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Source: New Zealand Parliament – Hansard

GLEN BENNETT (Labour—New Plymouth): Kia ora, Mr Chair, thank you very much, and I want to thank Ricardo Menéndez March for continuing to champion this piece of legislation, which, obviously, Mojo Mathers had—you took it on yourself to pick it up and run with it, and then to have it drawn out of the ballot is no easy feat.

I’m glad to be standing here in support of the Human Rights (Disability Assist Dogs Non-discrimination) Amendment Bill, and talking here, obviously, around clause 4. I’m standing here in the House this morning with my poppy on, and it got me thinking about how big a role animals play in our lives. I remember back in 2014 and the commemorations for 100 years of the war to end all wars—World War I—and around the horses that went to war that never came back. In human history, obviously, animals—and particularly dogs, in this instance—serve us so well and are definitely our companions, our best friends, but also workhorses, or dog workers—however that is.

But I just want to come back to the Supplementary Order Paper, and I know it probably was a slip of the tongue, but I don’t think we’re being trivial at all this morning. I think we are actually leaning into this, and just wanting to get a sense. And if anything is trivial, I guess—I mean, I would like to hear from Penny Simmonds this morning to hear, if this isn’t a trivial addition, why it was only added on 7 April this year in terms of the fact that this was nothing that was discussed in select committee that we’re a part of.

At the moment, with those eight organisations, under the Dog Control Act of 1996, that are able to train, I think, at the moment, that is appropriate, and I guess, in terms of Ricardo Menéndez March, just wanting to hear a bit from you around whether you have engaged with some of those organisations to hear from them, in terms of it continuing to be just under that Dog Control Act of 1996, because I really feel that once we start getting into private trainers, there is risk. I guess as I looked at the select committee and then also I remember in the second reading really looking into these different eight organisations and the different roles they play and how, like my colleague and the chair of the Social Services and Community Committee, Angie Warren-Clark, said, there’s a role we as communities play to serve these organisations in terms of training, in terms of developing not pets but actually enablers for people with disability, for people who are looking for a disability assist dog.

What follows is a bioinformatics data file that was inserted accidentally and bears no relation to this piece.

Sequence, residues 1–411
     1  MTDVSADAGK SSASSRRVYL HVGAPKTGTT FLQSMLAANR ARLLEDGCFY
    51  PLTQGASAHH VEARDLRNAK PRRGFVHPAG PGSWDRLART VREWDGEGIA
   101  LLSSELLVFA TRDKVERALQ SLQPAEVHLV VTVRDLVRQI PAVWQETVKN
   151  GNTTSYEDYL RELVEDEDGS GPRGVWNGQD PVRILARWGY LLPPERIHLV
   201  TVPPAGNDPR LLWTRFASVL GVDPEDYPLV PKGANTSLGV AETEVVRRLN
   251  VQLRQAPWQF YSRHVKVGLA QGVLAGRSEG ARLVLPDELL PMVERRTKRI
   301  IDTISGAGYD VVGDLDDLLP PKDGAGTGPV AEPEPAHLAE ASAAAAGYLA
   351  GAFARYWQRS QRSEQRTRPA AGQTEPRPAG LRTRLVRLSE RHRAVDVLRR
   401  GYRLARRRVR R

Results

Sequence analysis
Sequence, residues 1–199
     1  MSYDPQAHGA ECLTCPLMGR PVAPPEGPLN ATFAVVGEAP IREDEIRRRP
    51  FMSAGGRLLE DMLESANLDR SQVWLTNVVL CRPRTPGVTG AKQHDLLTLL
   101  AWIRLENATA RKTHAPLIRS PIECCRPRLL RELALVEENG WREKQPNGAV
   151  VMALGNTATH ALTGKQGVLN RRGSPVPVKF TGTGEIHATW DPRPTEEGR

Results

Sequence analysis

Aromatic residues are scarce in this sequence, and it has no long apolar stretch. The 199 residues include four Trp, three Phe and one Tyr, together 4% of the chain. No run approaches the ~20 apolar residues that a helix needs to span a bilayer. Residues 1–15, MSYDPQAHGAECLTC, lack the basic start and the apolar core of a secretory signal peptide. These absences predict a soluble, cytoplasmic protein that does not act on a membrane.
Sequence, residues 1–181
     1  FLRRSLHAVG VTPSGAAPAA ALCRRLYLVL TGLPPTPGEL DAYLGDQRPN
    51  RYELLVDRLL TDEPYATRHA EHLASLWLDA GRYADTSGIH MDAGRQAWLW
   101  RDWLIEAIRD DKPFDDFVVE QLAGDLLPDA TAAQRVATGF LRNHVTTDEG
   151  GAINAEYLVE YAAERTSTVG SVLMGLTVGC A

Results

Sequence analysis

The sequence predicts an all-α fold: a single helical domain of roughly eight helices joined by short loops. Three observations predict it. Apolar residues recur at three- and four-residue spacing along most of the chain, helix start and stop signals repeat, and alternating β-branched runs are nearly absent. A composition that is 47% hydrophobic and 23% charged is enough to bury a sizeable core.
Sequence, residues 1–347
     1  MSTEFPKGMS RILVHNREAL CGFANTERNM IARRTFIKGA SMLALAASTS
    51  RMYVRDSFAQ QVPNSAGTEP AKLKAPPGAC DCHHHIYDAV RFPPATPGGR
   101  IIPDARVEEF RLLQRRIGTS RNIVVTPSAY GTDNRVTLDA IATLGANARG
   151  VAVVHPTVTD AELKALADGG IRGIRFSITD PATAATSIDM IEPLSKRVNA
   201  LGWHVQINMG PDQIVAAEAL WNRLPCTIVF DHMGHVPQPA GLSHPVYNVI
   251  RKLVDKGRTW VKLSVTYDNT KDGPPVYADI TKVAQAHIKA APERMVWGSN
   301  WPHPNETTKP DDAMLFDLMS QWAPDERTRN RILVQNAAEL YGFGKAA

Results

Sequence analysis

So, yeah, I guess that is my question, really, in terms of your engagement with these organisations, in terms of what their reflections were: was there any openness to having private trainers coming into this space, because I think it is important to not trivialise this but to ensure that we get it right? The other part of it, I think, as I was looking back on some of those submitters, one of the questions was around if we bring this into the legislation—which actually baffled me—it might bring more dogs into public places. I thought, “Why is that a problem?” But I guess in talking with these disability assist trainers, they probably have really good perspectives on that, so I’d like to ask the member in terms of, I guess, any reflections and feedback on that, on those eight organisations: have you spoken to them? I guess your feedback would be appreciated.